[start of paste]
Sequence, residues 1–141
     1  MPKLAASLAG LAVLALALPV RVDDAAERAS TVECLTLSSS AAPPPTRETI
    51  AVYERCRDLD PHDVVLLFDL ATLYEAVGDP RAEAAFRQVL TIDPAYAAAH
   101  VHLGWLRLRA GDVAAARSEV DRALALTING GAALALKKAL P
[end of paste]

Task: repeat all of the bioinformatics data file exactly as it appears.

Sequence, residues 1–141
     1  MPKLAASLAG LAVLALALPV RVDDAAERAS TVECLTLSSS AAPPPTRETI
    51  AVYERCRDLD PHDVVLLFDL ATLYEAVGDP RAEAAFRQVL TIDPAYAAAH
   101  VHLGWLRLRA GDVAAARSEV DRALALTING GAALALKKAL P